Hoping to keep viewers engaged with its content, Netflix today announced the launch of a new section called “Latest” in its TV app, designed to highlight the streaming service’s recent and upcoming releases. The addition isn’t just another row or two within the main Netflix homepage. Instead, the “Latest” section gets its own dedicated area in the Netflix TV app, which is accessible from the left-hand sidebar navigation.
Here, it’s found beneath the “Home” button and above the links to the dedicated “Movies” and “TV Shows” pages.
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The section will be personalized to the end user, based on their viewing history, the company says.
At the top of “Latest” is a row that showcases new content that arrived this week, which is then followed by two rows showing content that’s due to arrive this week and the next.
Users can also click on these future releases and set alerts to remind them when the TV show or movie they’re interested in watching has arrived.
Netflix says the feature is now globally available on its TV app, which means you’ll only find it on streaming devices like the Fire TV, Apple TV or Roku, for instance, or on other smart TV or game console platforms. However, the company tells TechCrunch it already has a similar feature for Android users and is currently testing the “Latest” section on iOS.
The company first spoke to Variety about the addition, adding that the personalized suggestions update several times per day.
Netflix director of product innovation Cameron Johnson told the outlet the experience was similar, in a way, to movie trailers, as it’s also designed to get people interested in upcoming releases.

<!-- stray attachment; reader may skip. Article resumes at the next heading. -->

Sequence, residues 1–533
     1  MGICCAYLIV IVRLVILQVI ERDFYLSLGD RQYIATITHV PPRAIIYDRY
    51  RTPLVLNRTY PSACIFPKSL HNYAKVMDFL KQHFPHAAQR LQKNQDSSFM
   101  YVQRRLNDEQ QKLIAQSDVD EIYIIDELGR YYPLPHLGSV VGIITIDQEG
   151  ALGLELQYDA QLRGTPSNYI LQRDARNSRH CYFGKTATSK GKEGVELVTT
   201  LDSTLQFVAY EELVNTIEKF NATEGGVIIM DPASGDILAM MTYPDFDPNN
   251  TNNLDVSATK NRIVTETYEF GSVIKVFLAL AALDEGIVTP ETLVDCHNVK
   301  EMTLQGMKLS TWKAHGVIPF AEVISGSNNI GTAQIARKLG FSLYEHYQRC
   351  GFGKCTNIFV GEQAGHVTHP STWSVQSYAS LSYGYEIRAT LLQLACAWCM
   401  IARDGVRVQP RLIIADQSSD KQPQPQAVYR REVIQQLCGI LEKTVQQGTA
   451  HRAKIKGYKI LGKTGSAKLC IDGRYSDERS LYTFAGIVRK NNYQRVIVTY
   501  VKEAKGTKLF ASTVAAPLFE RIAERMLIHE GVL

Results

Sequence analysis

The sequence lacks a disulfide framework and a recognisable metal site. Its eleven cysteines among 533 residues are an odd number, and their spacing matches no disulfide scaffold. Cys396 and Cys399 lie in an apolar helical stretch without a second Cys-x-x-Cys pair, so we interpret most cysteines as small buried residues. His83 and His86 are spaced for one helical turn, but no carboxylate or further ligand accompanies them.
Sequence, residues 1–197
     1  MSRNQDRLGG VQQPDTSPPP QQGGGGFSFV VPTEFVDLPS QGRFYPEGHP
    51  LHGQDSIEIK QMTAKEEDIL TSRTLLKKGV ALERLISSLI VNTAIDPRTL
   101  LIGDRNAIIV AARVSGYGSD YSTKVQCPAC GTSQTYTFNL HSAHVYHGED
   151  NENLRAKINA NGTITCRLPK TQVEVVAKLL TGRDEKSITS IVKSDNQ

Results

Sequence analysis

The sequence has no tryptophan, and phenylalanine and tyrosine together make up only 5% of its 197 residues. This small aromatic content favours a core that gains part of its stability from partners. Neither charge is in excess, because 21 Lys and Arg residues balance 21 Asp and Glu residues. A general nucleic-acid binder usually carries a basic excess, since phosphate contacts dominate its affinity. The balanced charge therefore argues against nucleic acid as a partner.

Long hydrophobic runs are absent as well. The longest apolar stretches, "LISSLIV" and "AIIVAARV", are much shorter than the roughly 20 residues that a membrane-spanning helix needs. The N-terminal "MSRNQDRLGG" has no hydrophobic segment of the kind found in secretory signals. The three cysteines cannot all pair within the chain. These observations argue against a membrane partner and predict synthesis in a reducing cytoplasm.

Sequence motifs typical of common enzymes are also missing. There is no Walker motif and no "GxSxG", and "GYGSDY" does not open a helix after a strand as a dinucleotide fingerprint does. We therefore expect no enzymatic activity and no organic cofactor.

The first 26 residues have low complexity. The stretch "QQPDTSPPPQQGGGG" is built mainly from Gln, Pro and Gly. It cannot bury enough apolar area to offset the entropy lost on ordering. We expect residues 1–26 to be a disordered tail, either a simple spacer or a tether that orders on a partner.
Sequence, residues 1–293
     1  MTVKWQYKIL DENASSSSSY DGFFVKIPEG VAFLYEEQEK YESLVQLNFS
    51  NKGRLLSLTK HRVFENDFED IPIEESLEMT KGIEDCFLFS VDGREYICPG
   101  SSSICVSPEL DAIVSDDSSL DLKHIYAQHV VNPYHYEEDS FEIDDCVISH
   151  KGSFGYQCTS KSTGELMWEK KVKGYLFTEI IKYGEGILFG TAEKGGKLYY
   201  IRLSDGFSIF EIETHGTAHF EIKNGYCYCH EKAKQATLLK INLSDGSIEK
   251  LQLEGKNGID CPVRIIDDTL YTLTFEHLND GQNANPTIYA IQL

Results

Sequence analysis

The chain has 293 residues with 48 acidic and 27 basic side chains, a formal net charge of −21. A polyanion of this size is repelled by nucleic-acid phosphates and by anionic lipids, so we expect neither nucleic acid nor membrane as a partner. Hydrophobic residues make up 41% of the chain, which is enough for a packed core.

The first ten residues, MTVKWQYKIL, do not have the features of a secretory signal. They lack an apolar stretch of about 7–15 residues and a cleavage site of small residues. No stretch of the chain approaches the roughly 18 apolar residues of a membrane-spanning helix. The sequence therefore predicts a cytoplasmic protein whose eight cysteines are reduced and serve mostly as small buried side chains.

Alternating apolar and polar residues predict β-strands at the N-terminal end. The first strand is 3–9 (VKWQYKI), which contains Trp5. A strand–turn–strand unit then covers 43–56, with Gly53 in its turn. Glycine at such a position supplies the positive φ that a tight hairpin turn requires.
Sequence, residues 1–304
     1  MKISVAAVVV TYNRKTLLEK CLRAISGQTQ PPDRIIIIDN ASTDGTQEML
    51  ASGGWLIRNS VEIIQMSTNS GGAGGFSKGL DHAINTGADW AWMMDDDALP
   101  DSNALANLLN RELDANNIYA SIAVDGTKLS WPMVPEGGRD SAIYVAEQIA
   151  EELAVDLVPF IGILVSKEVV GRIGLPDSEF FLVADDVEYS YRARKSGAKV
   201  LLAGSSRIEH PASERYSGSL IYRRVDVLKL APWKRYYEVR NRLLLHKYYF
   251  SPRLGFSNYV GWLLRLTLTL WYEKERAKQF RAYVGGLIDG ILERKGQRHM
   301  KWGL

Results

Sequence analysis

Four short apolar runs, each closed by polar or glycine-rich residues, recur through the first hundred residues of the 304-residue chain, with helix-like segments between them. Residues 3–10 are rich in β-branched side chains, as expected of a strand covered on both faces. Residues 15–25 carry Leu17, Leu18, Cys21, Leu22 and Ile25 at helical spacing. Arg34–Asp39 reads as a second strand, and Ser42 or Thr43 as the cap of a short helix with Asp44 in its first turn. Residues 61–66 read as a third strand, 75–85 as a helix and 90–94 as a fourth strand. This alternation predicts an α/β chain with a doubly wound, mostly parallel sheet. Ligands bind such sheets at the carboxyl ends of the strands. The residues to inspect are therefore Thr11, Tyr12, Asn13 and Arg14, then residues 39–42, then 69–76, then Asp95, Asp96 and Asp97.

However, the launch comes at a time when people will soon be considering the value they receive from their Netflix subscription. The company recently posted a disappointing quarter where it announced it lost U.S. subscribers for the first time since 2011 and broadly missed estimates of 5 million subscriber additions, by adding just 2.7 million new subscribers globally.
The streamer blamed its light content slate for the declines. While it did claim a couple of bright spots in Q2, like the dark comedy Dead to Me and the limited series When They See Us, a good bit of Netflix’s original content is becoming formulaic and copycat-ish.
It’s now doing its own version of Project Runway, and has a slate of shows that are obviously inspired by (if not precisely copied from) popular reality TV hits like Million Dollar Listing, Say Yes to the Dress, Cupcake Wars, Top Chef, The Bachelor, Real Housewives, and others. It manages to snag beloved stars, but then puts them into mediocre fare. It underwhelms with its by-the-numbers original films.
That said, Netflix deserves credit for how far it has come since its early days as a mail-order movie service. Today, its multi-billion dollar investments in original content has led to the streamer being best known for its own breakout hits, like Orange is the New Black or House of Cards, for example.
But as its sheds its catalog content in favor of shifting its audience to in-house productions, its image has changed as well. It’s no longer thought of a one-stop-shop for anything you want to watch combined with a rich slate of quality originals. And now it’s poised to lose some of its most popular licensed content — Friends and The Office — as the traditional media license holders move into the streaming market.
Variety had reported in July that content from NBCU, Disney/Fox and Warner Bros. accounts for 60%-65% of Netflix’s viewing hours.
Now Netflix is facing competition from Disney+, which will undercut Netflix’s pricing at $ 6.99 per month and be offered in a $ 12.99 per month bundle that also includes Hulu and ESPN+. That’s the same price as Netflix’s standard U.S. plan.
More than ever, Netflix needs to keep its viewers locked in, and one of the best ways to do this is to remind them there are new movies and shows they will want to watch.
Image credit: Netflix